The Case For Contracts: Let’s Talk Business and Freelance Agreements

Whitney Houston made the phrase “show me the receipts” famous in her 2002 interview with Diane Sawyer and in B.B. King’s ‘70s hit “Nobody Loves Me But My Mother,” the music legend flat out said even his mother could be “jivin too.” It’s that kind of amusing skepticism that makes lawyers and journalists have an instant bond. We don’t just want to hear verbal talk of ideas, compliments with hidden agendas or handshake agreements. We prefer fact-checking, documented conversations and signatures, please and thank you.

Lawyers and journalists are under immense pressure to be ethical, credible, hard-working and to keep a stellar reputation. Naturally, there would be synergy between a lawyer and journalist who realized those two worlds could come in handy for legal news tips. While the decision to collaborate on a blog was an easy one for my partner (in blogging) and I, after working together off and on for a couple of years, negotiating the terms of the co-writing contract was more involved. No matter the camaraderie, business is still very much business.

We began the contract process by going over more than 50 emails outlining both of our expectations, goals and terms for the project which we then combined into a written agreement. During the drafting process new questions were raised such as:

Who owns the copyright to blog posts jointly created by the parties? How would we be credited for blog posts on third-party sites? Who would retain creative control? Who would be responsible for the research of each post?

Contract questions like these are applicable to most freelance agreements even for those in different career fields. Here are some general items freelancers should discuss before working on any freelance project to make there is no miscommunication.

  • Both sides should explain what their ultimate goal is before beginning work on the assignment/project.
  • Both sides should explain how they plan to reach the goal mentioned above.
  • Both sides should agree on the exact job roles they will play in the goal mentioned above.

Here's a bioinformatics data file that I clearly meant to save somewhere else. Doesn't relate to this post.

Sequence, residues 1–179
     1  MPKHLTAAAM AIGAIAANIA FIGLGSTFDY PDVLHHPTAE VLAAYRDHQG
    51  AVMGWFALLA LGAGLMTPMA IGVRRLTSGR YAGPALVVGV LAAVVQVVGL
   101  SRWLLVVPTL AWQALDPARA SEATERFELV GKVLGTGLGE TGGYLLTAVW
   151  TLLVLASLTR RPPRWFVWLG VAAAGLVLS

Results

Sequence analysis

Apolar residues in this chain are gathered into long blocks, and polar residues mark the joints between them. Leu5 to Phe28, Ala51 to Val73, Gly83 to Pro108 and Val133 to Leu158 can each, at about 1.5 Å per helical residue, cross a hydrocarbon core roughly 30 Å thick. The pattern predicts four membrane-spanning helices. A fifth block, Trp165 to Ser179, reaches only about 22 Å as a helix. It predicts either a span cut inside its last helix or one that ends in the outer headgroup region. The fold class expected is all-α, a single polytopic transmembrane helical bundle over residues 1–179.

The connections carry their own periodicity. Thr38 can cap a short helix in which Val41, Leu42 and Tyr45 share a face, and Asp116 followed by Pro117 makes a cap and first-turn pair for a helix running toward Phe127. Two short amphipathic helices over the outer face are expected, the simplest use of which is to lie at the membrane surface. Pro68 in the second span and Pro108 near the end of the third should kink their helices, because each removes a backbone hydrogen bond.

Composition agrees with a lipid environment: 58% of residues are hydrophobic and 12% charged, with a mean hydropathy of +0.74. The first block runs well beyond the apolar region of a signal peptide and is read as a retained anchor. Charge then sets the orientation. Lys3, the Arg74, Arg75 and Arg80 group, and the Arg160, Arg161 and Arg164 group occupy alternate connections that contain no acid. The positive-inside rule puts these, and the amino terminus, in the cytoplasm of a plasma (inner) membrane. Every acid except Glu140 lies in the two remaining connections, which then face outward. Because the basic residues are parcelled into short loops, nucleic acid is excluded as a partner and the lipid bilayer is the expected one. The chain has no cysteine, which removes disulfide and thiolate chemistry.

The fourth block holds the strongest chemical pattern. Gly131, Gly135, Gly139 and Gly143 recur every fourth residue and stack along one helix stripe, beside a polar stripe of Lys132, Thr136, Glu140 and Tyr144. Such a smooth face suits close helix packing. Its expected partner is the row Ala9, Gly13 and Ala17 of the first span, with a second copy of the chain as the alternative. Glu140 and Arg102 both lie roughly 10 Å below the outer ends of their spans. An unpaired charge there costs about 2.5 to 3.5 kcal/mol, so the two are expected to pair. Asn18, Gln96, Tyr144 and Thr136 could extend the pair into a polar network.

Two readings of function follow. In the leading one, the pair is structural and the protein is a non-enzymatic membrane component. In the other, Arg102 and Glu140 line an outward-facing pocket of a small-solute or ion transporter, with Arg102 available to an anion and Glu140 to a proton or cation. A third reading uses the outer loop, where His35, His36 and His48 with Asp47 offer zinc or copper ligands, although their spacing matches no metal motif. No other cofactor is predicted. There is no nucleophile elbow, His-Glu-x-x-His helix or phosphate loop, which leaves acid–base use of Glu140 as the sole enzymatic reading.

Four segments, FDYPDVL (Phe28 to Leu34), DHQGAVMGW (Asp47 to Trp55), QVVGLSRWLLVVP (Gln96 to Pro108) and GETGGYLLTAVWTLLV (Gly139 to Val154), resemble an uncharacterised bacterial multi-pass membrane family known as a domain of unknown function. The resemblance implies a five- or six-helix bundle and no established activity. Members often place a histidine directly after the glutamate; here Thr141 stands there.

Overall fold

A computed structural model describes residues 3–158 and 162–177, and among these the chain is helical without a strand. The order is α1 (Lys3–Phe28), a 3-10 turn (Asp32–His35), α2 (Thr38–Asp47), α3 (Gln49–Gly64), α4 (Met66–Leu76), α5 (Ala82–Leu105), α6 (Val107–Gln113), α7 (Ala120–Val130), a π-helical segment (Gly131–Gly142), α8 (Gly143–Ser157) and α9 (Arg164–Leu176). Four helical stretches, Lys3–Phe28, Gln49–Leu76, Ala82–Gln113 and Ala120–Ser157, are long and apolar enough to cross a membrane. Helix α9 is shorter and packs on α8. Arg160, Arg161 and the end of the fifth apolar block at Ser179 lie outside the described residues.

• Both sides should agree on any monies exchanged for these services. For example, is the freelancer entitled to initial payment before completing the work? Before or after approval? How will funds be split for outside work if the two parties still act as a unit?
  • Can the freelancer retain the work product until they are paid in full?
  • Is the freelancer entitled to share in any revenue generated from the work product? (Note: A work-for-hire clause is another important provision in freelance agreements. This clause stipulates that any work created by the freelancer belongs to the company or individual that contracted the services of the freelancer. Without this clause, the freelancer retains copyright ownership to the work product created.)

While the idea of drafting all of this information up may seem tedious at first, having those receipts (i.e., contracts) makes all the difference between a hobby and a business. In addition to avoiding potential business conflict, contracts are also a handy reference tool for later use.

Do you use business contracts?

The information contained here is intended to provide useful information on the topic covered but should not be construed as one-size-fits-all legal advice. Speak to an attorney specifically about your contractual agreement for specific terms and conditions.

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Author: Johnetta Paye

  • DeAndrea Martin

    As a new blogger, how would I go about drafting contracts that do not yield high profits?

  • Shamontiel

    Agreed. It is also protects the client who wants all rights to reprint the post.

  • Shamontiel

    I agree with this as well. With some publications though, this can become frustrating, specifically with time-sensitive projects. For example, if a magazine wants a 30-60 day timespan to approve posts but doesn’t reply to rejected pitches, then you either have to wait around for those 30-60 days (while the post grows old) or take your chances with multiple submissions. And if more than one publication wants the post, then this can be problematic if they want full reprint rights. It’s one of the reasons I’m wary of sending completed posts versus pitches. If I can send a pitch, I can write two different articles about the same topic. If I send a completed post, that can create issues even if you own the copyright.

  • To make things less messy, freelancers should always be paid in full once the article has been reviewed and deemed acceptable before it’s published.

    Any thing contrary to that is risky to the freelancer as him/her will have no control anymore.

  • Candace Rogers

    “Can the freelancer retain the work product until they are paid in full?” I am currently personifying this entire article right now. I am so grateful to have mentors who are about dotting their ‘i’s and crossing their ‘t’s…they stressed the importance of re-negotiation when a project has begun reaching outside of it’s bounds. So, because the work has been completed, receipts have been read and all has been clearly communicated I own all rights to the product until the balance is paid in full.